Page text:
Wealthy Asians are increasingly turning to life insurance for retirement planning purposes, according to a survey by Transamerica Life Bermuda and Asian Private Banker, which surveyed a total of 456 RMs, wealth managers, independent asset managers, brokers and clients from private banks, family offices and brokerage firms in Hong Kong and Singapore between April and July 2017. The report shows that nearly half of all HNW and UHNW individuals in the region do not have a retirement plan in place.
So how do HNWIs and UHNWIs conceptualize retirement planning? For one thing, retirement is a multifaceted concept that touches upon different aspects of economic and social life, while also entailing a psychological dimension. For example, in many cases, brokers and RMs noted cultural and personal issues that determine people’s standpoints towards retirement planning.
While retirement planning is a process that differs based on wealth, a common denominator amongst all segments of the sample group is that clients want to ensure financial security for their families, with a focus on maximising efficiency in succession and legacy planning while also ensuring that they will maintain their lifestyles post-retirement.
The notion of retirement includes a constellation of ancillary concepts that stretch across a spectrum of needs, wishes and priorities of HNWIs and UHNWIs in Asia. Retirement planning encapsulates the concepts of legacy planning, wealth transfer, estate and inheritance planning, business transfer, financial security, effective liquidity, hedging against tax and legal risks, as well as maintaining lifestyle.
Conceptualisation of retirement planning
While most respondents and interviewees believe that retirement planning should be high on the agenda of end-clients and their RMs, one must keep in mind that retiring is not a priority for most of the respondents – 36% of whom said they will only retire in over a decade, while 15.4% responded that they do not intend to retire.
Chart 1: When do you intend to retire?
In line with life-cycle hypothesis, clients in their 30s are primarily concerned about the needs of their immediate family. Family/wealth transfer becomes an issue when they turn 40 and then, once they become 50, they become more concerned about maintaining their lifestyles post-retirement.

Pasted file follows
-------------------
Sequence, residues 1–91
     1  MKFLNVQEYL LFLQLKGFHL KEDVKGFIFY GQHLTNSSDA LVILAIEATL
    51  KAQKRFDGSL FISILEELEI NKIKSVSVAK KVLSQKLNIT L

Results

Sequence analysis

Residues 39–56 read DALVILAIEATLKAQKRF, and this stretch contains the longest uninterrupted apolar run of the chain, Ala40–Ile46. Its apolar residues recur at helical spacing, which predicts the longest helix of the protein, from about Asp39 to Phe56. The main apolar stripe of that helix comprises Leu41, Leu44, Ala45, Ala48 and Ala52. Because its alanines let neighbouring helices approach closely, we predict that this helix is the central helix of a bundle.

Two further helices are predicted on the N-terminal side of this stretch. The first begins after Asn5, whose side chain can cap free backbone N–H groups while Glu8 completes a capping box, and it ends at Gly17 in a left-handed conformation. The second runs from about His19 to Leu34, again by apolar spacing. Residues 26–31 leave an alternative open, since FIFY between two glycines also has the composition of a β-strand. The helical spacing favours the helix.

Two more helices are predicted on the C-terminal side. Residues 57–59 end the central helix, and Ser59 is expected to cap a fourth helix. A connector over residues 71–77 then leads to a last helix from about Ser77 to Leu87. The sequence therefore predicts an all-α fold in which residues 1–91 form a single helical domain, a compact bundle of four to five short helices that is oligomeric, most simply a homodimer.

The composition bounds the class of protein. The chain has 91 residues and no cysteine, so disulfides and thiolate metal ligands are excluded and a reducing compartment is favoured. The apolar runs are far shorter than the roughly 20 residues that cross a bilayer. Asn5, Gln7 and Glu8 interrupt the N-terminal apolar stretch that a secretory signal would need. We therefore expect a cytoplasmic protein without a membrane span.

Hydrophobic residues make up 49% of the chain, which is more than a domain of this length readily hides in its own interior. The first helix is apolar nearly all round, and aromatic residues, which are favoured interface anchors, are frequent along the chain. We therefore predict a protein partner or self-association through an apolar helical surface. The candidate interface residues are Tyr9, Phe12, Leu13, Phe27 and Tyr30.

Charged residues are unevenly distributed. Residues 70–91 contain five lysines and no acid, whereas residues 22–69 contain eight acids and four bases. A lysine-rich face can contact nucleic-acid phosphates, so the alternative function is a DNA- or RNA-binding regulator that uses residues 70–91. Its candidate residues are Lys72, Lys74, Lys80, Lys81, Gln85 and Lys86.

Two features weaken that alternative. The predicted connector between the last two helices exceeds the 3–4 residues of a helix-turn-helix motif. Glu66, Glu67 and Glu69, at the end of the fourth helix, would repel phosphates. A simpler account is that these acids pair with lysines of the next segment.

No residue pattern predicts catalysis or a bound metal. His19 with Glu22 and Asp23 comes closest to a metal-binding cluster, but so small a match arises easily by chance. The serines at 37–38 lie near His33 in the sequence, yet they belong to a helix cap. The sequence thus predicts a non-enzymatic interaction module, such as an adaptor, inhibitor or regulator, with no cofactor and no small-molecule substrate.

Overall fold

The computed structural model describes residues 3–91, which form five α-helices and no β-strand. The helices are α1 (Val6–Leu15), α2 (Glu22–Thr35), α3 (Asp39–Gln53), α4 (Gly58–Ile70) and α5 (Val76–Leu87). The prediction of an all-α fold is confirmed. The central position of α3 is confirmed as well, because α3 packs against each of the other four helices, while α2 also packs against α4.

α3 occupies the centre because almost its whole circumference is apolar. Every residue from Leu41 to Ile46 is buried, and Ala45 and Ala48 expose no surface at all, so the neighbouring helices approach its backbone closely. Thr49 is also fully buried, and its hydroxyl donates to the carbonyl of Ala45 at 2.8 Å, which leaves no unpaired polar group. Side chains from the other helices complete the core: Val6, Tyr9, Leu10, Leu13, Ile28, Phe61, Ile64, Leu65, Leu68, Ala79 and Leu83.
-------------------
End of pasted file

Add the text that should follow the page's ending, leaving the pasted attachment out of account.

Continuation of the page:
Retirement planning is relevant across all different groups of RMs’ clients regardless of their source of income as well as their investable assets. Among others, for UHNWIs, it is important to plan ahead so that their heirs have immediate access to liquidity in the event of death or incapacitation.
Chart 2: Relevance of retirement to RM’s clients (by client type)
Against this backdrop, insurance products appear to be a promising option for clients, as insurance can ameliorate their limited confidence in their decisions on retirement planning.
In particular, 42% of respondents expressed limited confidence in their retirement planning, combined with an interest in purchasing insurance for retirement purposes. At the same time, 11% of respondents have no confidence in their retirement planning, while 19% are interested in purchasing insurance products for retirement purposes despite their confidence in their existing retirement planning. This portion of respondents represents a part of the sample population that seeks to maximise the effectiveness of retirement planning.
Chart 3: Confidence in retirement plan & interest in purchasing life insurance
Chart 4: How important to end-clients are the following choice criteria when selling a UL policy?
In many cases the decision to a purchase life insurance policy is the outcome of a trigger event. One broker offered a very vivid anecdotal example when she described how one of her clients decided to buy a life insurance product for retirement planning purposes when the client witnessed a co-passenger suffering a heart attack during a flight.
Therefore, brokers view retirement, as well as choice criteria that fall within the conceptual framework of retirement planning, as of particular importance when selling a UL policy.
Stay tuned for Part 3 of the report, “Desired Product Features and the Distribution Model of Retirement-Focused Life Insurance Products” to be published late November 2017.
Read Part 1 of the report, “Asia’s wealthy turning to life insurance for retirement planning: Survey” published in October 2017.